The Hudson execution unit is a "job", and each on is responsible for a single process, such as running a build tool like Maven or a batch processing engine like SpringBatch (http://static.springsource.org/spring-batch/). Consequently, each Hudson server contains more than one job as all of them are separated into groups of activities: nightly build jobs, continuous integration regular build jobs, monthly release jobs, periodic batch processing jobs or jobs that are invoked on demand and parameterized by a human before they start.

Normally Hudson jobs are defined, configured and updated manually, which becomes an issue as the number of jobs grows. A company with 30 or more Hudson jobs is not uncommon, yet Hudson administrators configure most of the jobs on a one-by-one basis, a process that is both error-prone and tedious. It becomes even more problematic when a number of jobs share certain behavior and properties, such as Maven goals or SVN repository addresses. A "template" job can be used but it only helps once and doesnít provide support for cases when jobs need to be modified with an updated property after they are created.

This plugin allows for creating any amount of Hudson jobs from a single Maven POM, thus making all job definitions and configurations centralized. Jobs can form hierarchical groups allowing jobs at the top of the hierarchy to provide a set of common properties which are inherited and reused by the jobs at lower levels of hierarchy. Every time the plugin is executed, a single "config.xml" file per job is generated in the Hudson configuration directory where all job definitions are kept. Each file contains the jobís definition, settings, parameters and run-time instructions. Following this generation phase, the Hudson server needs to be restarted for new job definitions to be applied.

In addition to providing support for all standard job properties, such as memory settings, code repository URLs and Maven goals, this plugin provides a special support for jobs invocation and Artifactory repository integration. Jobs invocation allows one job to invoke any number of other jobs upon completion or termination, and Artifactory support allows a job to deploy artifacts created to an Artifactory repository manager (http://www.jfrog.com/) upon successful completion. Unlike the traditional Maven approach where artifacts are deployed as a build process progresses, deploying to Artifactory only happens after a successful job completion thus ensuring that within a single deploy phase no partial artifacts deployment resulting from a faulty job will ever occur.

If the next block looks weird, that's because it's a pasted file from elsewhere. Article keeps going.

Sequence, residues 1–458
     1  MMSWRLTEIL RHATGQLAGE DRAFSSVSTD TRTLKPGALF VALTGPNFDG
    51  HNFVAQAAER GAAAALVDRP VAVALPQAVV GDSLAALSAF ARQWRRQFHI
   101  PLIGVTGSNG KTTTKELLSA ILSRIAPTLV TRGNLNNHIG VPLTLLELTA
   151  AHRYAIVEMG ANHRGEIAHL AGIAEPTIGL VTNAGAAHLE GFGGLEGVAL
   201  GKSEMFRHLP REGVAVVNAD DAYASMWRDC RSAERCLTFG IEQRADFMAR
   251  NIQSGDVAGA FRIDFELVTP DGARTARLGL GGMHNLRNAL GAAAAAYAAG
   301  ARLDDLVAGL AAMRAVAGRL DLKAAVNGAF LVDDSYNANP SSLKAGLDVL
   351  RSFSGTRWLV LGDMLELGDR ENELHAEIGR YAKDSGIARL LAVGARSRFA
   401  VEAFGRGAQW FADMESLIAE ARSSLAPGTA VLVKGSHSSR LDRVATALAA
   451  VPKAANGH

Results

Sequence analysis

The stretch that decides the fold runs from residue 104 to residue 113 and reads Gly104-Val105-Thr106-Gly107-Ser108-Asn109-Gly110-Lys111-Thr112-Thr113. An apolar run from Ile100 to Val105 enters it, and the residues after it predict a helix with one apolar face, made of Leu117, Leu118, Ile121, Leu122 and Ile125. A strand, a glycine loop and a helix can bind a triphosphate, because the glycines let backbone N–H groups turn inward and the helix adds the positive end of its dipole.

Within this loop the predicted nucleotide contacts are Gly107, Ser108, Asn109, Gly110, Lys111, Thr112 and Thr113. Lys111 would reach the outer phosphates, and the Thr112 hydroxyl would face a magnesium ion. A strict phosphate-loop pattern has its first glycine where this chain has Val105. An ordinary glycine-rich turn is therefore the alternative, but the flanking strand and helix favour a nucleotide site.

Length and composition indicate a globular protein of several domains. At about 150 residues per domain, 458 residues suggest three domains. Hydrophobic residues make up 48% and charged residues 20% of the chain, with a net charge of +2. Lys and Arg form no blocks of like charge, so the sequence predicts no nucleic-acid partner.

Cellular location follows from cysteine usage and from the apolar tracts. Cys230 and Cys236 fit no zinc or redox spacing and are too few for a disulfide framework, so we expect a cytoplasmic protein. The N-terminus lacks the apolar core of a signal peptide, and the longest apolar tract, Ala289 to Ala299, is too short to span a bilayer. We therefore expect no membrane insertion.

maven-assert-plugin - http://evgeny-goldin.com/wiki/Maven-assert-plugin

Batch processes and build jobs usually have a goal of producing an outcome such as updating data storages, creating distribution archives or sending out mails with up-to-date statistics or reports. Less consideration is usually given to the process and, consequently, the running code tends to spend fewer efforts on verifying that run-time and environmental conditions match original assumptions. People may take for granted that, for example, all files required contain correct data and that essential resources, such as HTTP servers or RDBMS databases, are available. Failing to verify those assumptions may cause the build job or batch process to fail but, as it happens, this is the best and expected scenario.

Unfortunately, it may also happen that build job or batch process continues to execute but it operates in a diverged or awry environment, silently producing incorrect results without anybody noticing them. This behavior may cause undesirable errors to spread and cause damages such as data corruptions or wrong decisions being made in downstream activities.